The Connecticut Department of Public Health announced a second Connecticut resident has died from Eastern Equine Encephalitis (EEE). The last season where there was a death from EEE was 2013.

“It is very important to continue to protect yourself from mosquitoes, which cause illnesses like EEE and West Nile Virus, until the first heavy frost,” said Deepa Joseph, director of Health for the Milford Health Department. “The Milford Health Department’s Mosquito Management Program will continue to monitor and apply mosquito larvicide to mosquito breeding sites throughout the City and we urge everyone to take precautions against mosquito bites and to maintain their properties so that they prevent mosquitoes from breeding.”

The primary focus of the Milford Health Department’s program is prevention through mosquito breeding site reduction efforts from April through October, especially in densely populated areas, and education about personal protection. The Milford Health Department will continue to monitor the situation and work closely with the CT Agricultural Experiment Station, which began mosquito monitoring throughout Connecticut in June. Mosquito trapping is conducted daily from June through October at 91 permanent locations throughout the state with two locations in Milford.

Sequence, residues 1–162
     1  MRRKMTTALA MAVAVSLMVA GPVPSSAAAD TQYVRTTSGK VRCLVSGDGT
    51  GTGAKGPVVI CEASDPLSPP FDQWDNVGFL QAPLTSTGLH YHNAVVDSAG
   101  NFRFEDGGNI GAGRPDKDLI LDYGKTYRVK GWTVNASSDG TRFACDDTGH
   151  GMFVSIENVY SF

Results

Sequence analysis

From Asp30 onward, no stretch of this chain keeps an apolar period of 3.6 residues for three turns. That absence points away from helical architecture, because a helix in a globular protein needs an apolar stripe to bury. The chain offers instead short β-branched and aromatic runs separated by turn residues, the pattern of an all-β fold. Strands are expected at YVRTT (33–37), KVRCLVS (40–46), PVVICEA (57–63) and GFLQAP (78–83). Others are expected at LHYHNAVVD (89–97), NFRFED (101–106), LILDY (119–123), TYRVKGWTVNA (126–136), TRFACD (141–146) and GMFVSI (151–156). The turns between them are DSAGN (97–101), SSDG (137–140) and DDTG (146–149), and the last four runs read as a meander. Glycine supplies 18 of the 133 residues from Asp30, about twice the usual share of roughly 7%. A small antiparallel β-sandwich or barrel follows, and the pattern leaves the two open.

The Milford Health Department is reminding residents to practice personal protective measures to prevent mosquito bites as follows:

 Minimize time spent outdoors at dusk and dawn.

 When it is necessary to be outdoors, use a mosquito repellent that has been registered by the Environmental Protection Agency, such as DEET, Picaridin, or Oil of lemon eucalyptus and use according to the label instructions.

 Wear shoes, socks, long pants, and long-sleeved shirts.

 Be sure door and window screens are tight fitting and in good repair.

Use mosquito netting when sleeping outdoors.

 Cover infant carriers with mosquito netting.

Take precautions to reduce mosquito activity around your home by:

 Disposing of water-holding containers, such as ceramic pots, used tires, etc. outside the house.

 Drilling holes in the bottom of containers such as those used for recycling to keep them drained.

 Cleaning clogged roof gutters.

 Turning over objects that may trap water when not in use such as wading pools and wheelbarrows.

 Changing water in birdbaths on a weekly basis.

 Cleaning and chlorinating swimming pools, and covering the pool when not in use.

 Using landscaping to eliminate areas where water can collect on your property.

For more information about our Mosquito Management Program, EEE or West Nile Virus, call the Health Department at 203-783-3314 or visit